Affinity separation: imprint polymers

Peter Cormack, Karsten Haupt, Klaus Mosbach

Research output: Chapter in Book/Report/Conference proceedingChapter

Abstract

Molecular imprinting is now recognized as one of the most rapid and powerful methods for creating tailor-made synthetic receptors with strong, yet selective, affinities for a diverse selection of analytes. The imprinting of small organic compounds, metal ions and peptides is well developed and almost routine, and the imprinting of much larger analytes, such as proteins and cells, has also now been demonstrated. The impressive molecular recognition characteristics of molecularity imprinted materials, allied to their highly robust physical nature, makes them ideally suited for numerous application in affinity separation. This article will outline the general principles behind molecular imprinting and the generic approaches to the preparation of imprinted materials. Particular emphasis will be placed on their role as affinity materials in separation science.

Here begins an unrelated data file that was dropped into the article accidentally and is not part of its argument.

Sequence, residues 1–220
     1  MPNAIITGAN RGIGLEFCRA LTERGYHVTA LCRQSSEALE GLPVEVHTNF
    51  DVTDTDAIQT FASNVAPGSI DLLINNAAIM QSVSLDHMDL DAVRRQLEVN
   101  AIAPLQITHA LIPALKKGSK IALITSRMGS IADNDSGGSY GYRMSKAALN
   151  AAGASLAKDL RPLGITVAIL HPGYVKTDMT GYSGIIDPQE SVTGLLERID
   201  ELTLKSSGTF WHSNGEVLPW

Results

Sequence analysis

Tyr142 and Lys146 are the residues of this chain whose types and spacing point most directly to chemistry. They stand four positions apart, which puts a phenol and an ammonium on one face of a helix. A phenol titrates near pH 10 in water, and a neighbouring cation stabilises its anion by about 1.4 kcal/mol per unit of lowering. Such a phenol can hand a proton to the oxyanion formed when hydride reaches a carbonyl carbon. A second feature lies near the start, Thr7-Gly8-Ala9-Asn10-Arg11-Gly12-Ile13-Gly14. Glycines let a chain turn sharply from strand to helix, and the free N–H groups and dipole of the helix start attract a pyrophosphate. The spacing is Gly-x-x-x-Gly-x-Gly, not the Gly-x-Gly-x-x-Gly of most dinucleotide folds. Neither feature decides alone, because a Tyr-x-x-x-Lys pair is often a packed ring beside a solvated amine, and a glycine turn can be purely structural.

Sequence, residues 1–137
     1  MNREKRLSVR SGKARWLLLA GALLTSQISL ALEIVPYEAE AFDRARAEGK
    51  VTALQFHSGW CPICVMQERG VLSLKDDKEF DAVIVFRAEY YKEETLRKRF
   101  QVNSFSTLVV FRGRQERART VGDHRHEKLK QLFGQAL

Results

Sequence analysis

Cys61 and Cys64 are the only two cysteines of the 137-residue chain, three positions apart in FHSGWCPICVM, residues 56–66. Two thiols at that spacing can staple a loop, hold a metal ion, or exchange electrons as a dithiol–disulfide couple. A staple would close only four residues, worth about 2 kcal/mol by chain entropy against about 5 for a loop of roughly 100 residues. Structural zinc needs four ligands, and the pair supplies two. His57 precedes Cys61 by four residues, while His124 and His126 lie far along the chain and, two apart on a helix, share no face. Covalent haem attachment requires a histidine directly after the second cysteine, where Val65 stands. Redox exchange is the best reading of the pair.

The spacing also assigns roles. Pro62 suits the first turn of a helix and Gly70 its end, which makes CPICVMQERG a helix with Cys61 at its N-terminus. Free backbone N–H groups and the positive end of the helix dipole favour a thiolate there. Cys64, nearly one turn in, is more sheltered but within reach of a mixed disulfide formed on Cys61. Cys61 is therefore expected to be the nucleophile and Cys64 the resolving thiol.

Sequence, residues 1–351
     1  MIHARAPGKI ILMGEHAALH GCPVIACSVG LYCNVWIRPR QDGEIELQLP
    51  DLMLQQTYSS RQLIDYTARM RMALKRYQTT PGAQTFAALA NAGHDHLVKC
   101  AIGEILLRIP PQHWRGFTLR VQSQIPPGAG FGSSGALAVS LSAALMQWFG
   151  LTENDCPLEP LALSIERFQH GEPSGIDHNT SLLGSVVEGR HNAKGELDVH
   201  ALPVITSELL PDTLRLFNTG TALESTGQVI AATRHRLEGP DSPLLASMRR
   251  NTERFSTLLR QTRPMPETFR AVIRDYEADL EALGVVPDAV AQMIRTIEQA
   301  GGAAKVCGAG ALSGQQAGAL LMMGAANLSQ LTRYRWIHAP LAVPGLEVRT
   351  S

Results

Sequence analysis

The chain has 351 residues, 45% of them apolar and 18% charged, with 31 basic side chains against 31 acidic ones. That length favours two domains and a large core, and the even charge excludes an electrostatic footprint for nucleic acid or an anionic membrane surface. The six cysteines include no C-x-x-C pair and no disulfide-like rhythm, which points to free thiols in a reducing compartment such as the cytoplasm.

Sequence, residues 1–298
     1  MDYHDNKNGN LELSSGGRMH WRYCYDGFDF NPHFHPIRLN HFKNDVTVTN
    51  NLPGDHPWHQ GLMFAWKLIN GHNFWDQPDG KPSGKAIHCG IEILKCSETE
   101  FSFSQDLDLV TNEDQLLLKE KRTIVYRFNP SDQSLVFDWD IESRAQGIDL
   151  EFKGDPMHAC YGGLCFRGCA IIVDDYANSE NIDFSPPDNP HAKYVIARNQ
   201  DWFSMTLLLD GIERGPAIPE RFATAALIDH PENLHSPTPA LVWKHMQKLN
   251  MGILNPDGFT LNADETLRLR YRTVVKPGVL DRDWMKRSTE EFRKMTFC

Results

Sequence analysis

Original languageEnglish
Title of host publicationEncyclopedia of Separation Science
EditorsIan D. Wilson
Place of PublicationSan Diego
Pages288-296
Number of pages9
DOIs
Publication statusPublished - 2000

Keywords

  • separation science
  • imprinted polymers
  • imprinted materials

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    Cormack, P., Haupt, K., & Mosbach, K. (2000). Affinity separation: imprint polymers. In I. D. Wilson (Ed.), Encyclopedia of Separation Science (pp. 288-296). San Diego. https://doi.org/10.1016/B0-12-226770-2/00571-8